Also, contrary to what you may have heard, there have been zero reported cannabis overdose deaths in the history of ever, so despite how freaked out you may feel or how sweaty you get, you won’t expire from excessive consumption. (Don’t take that on as a challenge, just keep in mind that if you accidentally overdo it, you’ll be OK in a while.)

2. Try water and light snacks

what to do if you're too high

(Leafly)

Water, water, water—don’t forget to hydrate! Whether you prefer water or juice, make sure you have a nice, cold beverage on hand (preferably non-caffeinated). This will help you combat dry mouth and allow you to focus on a simple and familiar act—sipping and swallowing.

Keep in mind that by “hydrate,” we don’t mean “knock back a few alcoholic beverages.” If you’re feeling the effects of your strain a little too aggressively, stay away from alcohol as it can increase THC blood concentrations.

Some people find that a light snack helps to feel a little more grounded. Consider grazing on some fruits, nuts, or cheese, and see if it’s a little easier to connect mind and body.

3. Know your limits before consuming

what to do if you're too high

(Leafly)

If you can, try to prepare for your cannabis session according to your tolerance level. Okay, this tip won’t help you once you’re already over the edge, but it can help you avoid an uncomfortable situation next time.

Consume with friends you know and are comfortable with, and don’t feel pressured to consume more than you can handle. It’s all well and good to make new friends, but being surrounded by strangers when you can’t feel your face is unpleasant at best and anxiety-ridden at worst.

Take it slow, especially when consuming edibles. We recommend trying a standard dose of 10 mg (or even 5 mg if you really want to ease into the experience) and waiting at least an hour, if not two, before increasing your edibles dosage. The same goes for inhalation methods—if you’re used to occasionally taking one hit off your personal vaporizer, we advise not sitting in a smoking circle puffing and passing for an hour.

4. Keep some black pepper handy

what to do if you're too high

(Leafly)

If you find yourself combating paranoia and anxiety, a simple household ingredient found in kitchens and restaurants everywhere can come to your rescue: black pepper. Many swear by the black pepper trick, even Neil Young! Just sniff or chew on a few black peppercorns and it should provide almost instantaneous relief.

5. Keep calm and rest

what to do if you're too high

(Leafly)

Find a calm, quiet place where you can rest and breathe deeply. Remember, the intense discomfort you’re feeling will pass. Take deep full breaths in through your nose and out through your mouth. Focus on the sound of your breath and just rest a while.

Sometimes sleeping it off can be the best alternative to stopping a strong high, but it’s not always easy to turn your brain off. Once you’ve found a quiet area, lay down and let yourself relax. If drowsiness and sleep are quick to onset, take a little nap to rejuvenate yourself. Should you be unable to fall asleep, just get comfortable until you feel strong enough to spring back up.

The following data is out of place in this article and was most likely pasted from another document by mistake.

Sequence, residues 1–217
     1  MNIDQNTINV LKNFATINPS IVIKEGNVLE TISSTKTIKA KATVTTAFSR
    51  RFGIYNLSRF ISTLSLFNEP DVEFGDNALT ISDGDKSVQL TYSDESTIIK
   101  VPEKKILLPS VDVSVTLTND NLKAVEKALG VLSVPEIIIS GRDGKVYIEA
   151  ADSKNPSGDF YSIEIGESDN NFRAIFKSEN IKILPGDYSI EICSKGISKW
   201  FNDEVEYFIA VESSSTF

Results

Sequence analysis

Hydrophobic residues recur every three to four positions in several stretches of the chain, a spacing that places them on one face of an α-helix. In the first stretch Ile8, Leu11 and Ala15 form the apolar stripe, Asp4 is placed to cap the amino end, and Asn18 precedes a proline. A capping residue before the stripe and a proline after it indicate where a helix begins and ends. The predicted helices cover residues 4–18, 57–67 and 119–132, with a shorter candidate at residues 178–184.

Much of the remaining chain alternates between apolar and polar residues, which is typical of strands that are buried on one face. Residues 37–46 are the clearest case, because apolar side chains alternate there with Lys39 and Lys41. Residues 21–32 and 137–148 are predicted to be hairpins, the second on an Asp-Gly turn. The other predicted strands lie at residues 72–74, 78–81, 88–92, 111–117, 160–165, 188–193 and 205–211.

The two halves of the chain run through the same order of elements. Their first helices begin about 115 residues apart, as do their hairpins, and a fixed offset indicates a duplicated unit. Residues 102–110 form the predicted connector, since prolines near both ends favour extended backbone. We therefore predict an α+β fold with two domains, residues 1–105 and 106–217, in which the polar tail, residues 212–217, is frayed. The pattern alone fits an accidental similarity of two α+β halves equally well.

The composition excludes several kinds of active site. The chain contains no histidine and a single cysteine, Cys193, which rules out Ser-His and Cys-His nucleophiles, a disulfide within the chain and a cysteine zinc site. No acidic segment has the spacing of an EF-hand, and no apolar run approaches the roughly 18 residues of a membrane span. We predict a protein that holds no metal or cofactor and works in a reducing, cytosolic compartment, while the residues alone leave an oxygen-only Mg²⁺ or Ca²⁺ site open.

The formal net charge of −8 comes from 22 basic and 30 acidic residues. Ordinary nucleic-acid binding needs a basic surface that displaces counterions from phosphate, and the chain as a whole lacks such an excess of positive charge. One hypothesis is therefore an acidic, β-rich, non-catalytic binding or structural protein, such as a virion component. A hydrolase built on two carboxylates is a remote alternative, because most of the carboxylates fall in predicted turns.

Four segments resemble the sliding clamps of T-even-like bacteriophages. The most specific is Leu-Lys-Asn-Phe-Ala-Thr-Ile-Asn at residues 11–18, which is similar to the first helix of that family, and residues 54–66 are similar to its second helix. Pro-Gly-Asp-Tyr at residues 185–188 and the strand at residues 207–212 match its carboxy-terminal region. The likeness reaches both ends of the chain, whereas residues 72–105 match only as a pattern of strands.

6. Try going for a walk

what to do if you're too high

(Leafly)

If you can’t turn your brain off, sometimes a change of scenery and some fresh air to get your blood pumping will help invigorate you. Just remember to stay close to your immediate surroundings—we don’t want you wandering off and getting lost while you’re feeling anxious and paranoid! And refrain from taking a walk if you’re feeling too woozy or light-headed to stand; instead, we recommend Option #5 and lay down for a while.

7. Take a shower or bath

what to do if you're too high

(Leafly)

While it’s not always feasible if you’re out and about or at a friend’s house, if you’re at home, try taking a nice shower or bath as a really pleasant option to help relax while you wait for the effects of smoking too much weed to dissipate.

8. Distract yourself!

what to do if you're too high

(Leafly)

All of the activities that seem so entertaining and fun while high are also a great way to distract yourself while you try to come back down to Earth. Some suggestions include:

  • Watch a funny cartoon
  • Listen to your favorite album
  • Play a video game
  • Talk to your friends (who are hopefully right by your side, reassuring you)
  • Snuggle with your significant other
  • Try coloring as a calming activity (seriously, adult coloring books are becoming all the rage lately)
  • Eat something delicious

Whatever distractions you prefer, make sure it’s a familiar activity that gives you warm, fuzzy emotions. Your brain will hopefully zone in on the positive feelings and give you a gentle reminder that you are safe and just fine.

Bonus tip: Try some CBD to counter the effects of smoking too much weed

CBD is an excellent anxiety-fighting compound, and for many people it can be used to counteract too much THC. Learn how CBD’s anti-anxiety mechanisms work by modulating the receptor signaling associated with THC.

If all of these suggestions fail and you find that you are still feeling alarmingly uncomfortable, you can always seek medical attention and tell a doctor or nurse that you are having a cannabis-induced anxiety attack. This option is always available, even in states where cannabis is illegal. From a medical perspective, physicians have your best interest in mind and want to do all they can to make sure you’re OK, even if it’s helping you come down when you’re too stoned.

Browse Leafly Market for CBD products

Hopefully, however, the above suggestions were just what you needed to counteract and hopefully stop that too-intense cannabis high. (Or, if none of these work, you could always follow Snoop Dogg’s advice and “put ur face in mayonnaise.”)

How do you stop being high and come down from overwhelming cannabis effects? Share your tips in the comments section!

Authors Lisa Rough and Dante Jordan contributed to this article. This post was originally published on August 15, 2015. It was most recently updated on February 5, 2020.

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Cannabis seeds 101: A guide for growers

Cannabis is grown from one of two sources: a seed or a clone. Seeds carry genetic information from two parent plants that can be expressed in numerous different combinations, some like the mother, some like the father, and many presenting various traits from both. Generally, commercial cannabis producers will plant many seeds of one strain and choose the best plant. They will then take clones from that individual plant to get consistent genetics for mass production.